Shure Whiteboard - Rechargeables for Wireless
Shure UK Senior Applications Engineer, Tom Colman explores rechargeable battery options for wireless microphones - moving from standard disposable batteries to modern integrated rechargeables. Read the article below, or scroll down to watch the Whiteboard Video.
Wireless microphones and in-ear monitor systems all need power from somewhere. Traditionally, wireless operators use a standard portable cell in the form of familiar alkaline dry cell batteries. They might not be great for the environment, but they are easy to obtain and very reliable. It's only relatively recently that explorations into rechargeable options for wireless systems have met the standards required for professional use. More on this later, but let's first look at the historic standard:
Alkaline batteries will discharge at a very linear rate, meaning power will reduce evenly throughout the life of the battery. So let's say we have a fully charged battery with five indicator bars. In the case of alkaline disposable batteries, power will discharge at the same pace when at bar five or bar one.
In the case of standard consumer rechargeable batteries, the battery performance is much less predictable. The discharge rate is not linear and is likely to reduce faster towards the end of the battery cycle. This unpredictability makes standard consumer rechargeable batteries unsuitable for professional productions.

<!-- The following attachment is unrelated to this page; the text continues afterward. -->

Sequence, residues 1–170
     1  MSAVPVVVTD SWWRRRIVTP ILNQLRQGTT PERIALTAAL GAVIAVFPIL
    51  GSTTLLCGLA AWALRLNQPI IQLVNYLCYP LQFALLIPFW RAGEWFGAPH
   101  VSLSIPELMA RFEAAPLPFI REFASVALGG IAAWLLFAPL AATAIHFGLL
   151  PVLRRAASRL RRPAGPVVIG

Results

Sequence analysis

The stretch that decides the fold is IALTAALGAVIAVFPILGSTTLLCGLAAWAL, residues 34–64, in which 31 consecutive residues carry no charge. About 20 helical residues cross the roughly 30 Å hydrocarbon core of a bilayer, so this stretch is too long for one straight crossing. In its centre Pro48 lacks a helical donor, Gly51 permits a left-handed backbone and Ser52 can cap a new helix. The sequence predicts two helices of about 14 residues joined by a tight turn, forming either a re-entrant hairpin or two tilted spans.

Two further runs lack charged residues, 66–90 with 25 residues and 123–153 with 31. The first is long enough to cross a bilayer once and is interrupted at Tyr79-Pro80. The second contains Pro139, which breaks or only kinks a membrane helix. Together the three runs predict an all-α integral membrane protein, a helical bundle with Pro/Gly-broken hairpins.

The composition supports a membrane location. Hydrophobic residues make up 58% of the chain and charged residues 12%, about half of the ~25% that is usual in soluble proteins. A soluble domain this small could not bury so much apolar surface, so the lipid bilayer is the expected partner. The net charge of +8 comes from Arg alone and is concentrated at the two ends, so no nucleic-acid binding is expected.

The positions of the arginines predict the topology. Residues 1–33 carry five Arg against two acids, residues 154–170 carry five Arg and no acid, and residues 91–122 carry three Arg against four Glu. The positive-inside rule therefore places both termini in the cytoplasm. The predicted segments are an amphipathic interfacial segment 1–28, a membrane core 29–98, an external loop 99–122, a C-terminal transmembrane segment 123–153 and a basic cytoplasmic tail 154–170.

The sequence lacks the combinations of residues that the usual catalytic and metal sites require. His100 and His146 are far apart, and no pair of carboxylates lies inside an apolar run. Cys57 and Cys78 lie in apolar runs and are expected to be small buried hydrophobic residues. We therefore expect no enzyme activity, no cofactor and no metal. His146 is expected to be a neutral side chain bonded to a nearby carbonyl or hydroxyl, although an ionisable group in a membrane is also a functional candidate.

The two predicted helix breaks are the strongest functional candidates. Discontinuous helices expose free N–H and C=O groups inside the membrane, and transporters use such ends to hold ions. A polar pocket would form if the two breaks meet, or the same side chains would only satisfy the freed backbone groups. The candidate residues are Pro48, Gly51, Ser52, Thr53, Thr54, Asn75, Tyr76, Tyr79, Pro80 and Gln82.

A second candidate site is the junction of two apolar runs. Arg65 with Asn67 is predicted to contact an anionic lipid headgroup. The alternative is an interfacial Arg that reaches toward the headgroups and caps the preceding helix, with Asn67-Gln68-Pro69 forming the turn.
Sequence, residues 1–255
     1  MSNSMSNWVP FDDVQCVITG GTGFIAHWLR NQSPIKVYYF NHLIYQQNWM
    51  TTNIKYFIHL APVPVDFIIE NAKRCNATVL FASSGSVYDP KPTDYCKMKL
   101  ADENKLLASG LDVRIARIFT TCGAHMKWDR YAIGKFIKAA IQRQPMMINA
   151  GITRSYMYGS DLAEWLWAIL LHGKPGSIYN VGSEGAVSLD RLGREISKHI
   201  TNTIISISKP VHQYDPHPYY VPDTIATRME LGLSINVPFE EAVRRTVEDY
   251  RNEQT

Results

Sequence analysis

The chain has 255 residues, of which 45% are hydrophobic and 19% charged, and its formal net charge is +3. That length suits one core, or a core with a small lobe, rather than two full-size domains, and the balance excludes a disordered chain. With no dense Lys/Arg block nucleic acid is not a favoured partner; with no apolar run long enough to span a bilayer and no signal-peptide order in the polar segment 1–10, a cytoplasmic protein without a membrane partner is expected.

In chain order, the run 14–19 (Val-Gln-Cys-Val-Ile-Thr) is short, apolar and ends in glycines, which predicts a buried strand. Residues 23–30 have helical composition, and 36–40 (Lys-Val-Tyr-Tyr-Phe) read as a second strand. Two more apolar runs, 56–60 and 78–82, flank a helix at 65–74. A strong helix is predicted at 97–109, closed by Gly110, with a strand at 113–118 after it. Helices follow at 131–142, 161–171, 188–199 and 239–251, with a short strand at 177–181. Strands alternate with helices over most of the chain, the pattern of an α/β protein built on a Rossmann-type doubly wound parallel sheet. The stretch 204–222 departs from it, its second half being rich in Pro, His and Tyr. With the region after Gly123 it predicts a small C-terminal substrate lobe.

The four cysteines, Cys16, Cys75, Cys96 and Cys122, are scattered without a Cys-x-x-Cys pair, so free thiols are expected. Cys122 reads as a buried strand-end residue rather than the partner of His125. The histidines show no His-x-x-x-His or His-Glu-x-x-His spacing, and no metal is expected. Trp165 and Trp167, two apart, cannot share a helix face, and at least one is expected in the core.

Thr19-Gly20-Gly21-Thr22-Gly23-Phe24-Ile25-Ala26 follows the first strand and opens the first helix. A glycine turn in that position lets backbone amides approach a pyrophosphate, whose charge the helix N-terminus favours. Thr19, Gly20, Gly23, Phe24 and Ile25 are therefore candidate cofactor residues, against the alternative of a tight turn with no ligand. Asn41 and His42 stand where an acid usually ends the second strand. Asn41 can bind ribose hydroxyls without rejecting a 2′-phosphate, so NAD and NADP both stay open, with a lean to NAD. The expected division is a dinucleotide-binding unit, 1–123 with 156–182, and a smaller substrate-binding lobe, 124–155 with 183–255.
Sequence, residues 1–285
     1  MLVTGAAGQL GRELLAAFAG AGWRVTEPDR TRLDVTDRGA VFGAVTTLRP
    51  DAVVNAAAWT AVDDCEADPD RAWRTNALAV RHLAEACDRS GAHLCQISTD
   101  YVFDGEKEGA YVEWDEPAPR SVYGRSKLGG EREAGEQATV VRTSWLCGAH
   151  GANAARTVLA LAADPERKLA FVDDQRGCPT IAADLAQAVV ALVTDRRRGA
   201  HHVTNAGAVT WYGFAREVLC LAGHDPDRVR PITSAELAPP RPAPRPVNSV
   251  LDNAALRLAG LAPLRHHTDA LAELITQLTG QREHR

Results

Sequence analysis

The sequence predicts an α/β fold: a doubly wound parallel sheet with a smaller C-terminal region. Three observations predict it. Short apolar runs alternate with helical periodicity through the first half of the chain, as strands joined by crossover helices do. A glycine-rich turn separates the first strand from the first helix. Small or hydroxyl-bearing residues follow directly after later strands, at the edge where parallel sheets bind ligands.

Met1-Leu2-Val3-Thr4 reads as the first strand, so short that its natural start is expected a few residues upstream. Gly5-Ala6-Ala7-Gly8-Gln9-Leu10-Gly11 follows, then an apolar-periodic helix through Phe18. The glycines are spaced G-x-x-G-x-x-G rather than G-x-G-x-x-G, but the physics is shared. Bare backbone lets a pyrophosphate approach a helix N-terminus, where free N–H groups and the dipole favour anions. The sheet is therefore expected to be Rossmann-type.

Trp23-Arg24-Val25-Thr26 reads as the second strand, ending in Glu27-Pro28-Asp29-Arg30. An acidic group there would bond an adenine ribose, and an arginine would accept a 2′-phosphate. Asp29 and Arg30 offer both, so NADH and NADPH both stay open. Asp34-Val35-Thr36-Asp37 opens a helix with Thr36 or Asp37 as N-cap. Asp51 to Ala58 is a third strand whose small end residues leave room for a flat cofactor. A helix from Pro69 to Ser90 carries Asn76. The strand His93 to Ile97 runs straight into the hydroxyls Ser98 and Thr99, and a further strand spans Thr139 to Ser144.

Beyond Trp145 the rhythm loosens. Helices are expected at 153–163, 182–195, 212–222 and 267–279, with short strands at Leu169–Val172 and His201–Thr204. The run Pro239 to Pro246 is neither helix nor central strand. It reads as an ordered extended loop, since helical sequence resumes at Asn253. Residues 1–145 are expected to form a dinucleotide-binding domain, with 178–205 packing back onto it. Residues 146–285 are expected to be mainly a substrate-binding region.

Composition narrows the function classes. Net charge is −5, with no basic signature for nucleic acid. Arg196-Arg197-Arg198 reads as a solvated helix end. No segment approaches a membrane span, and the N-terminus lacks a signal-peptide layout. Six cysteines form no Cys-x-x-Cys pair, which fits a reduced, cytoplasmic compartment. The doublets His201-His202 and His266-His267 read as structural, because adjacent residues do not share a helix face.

Lithium Ion Rechargeable Batteries
Knowing the historic issues with rechargeable technology, we (Shure) set out to develop a reliable rechargeable system for the professional audio industry during the development of our high-end Axient wireless system. The result was an advanced power management system — based on medical-grade Lithion Ion cells — that introduced real-time monitoring and lifecycle management to batteries and chargers. Since the launch of Axient around five years ago, much of this advanced wireless technology is now available (where possible) across the Shure portfolio of wireless systems.
Taking Axient as the example, these purpose-built, modern rechargeable systems give us far more reliable performance and essential data to help ensure peace of mind. Utilising a built-in microchip, the Axient system is able to deliver real-time readings of various key data-points:
- Battery Health - The overall capacity of our battery compared to when it was new.
- The current charge (measured in 1% increments)
- Cycle Counts: This represents the amount of times our battery has completed a full cycle from 100% down to 0% and back up to 100%. This reading is cumulative, meaning it could also represent a cycle of 100% down to 90% repeated ten times. It's estimated that when a battery has completed 500 cycles it will still have a battery health reading of around 80%. That's a lot of AA batteries saved from landfill!
By using a microchip in each battery, we know exactly how much capacity is remaining through a real-time reading in hours and minutes. This reading is accurate to within 15 minutes, and therefore, if your battery is showing 1-hour remaining and the event is 30 minutes long, you can be confident the battery will last for the duration.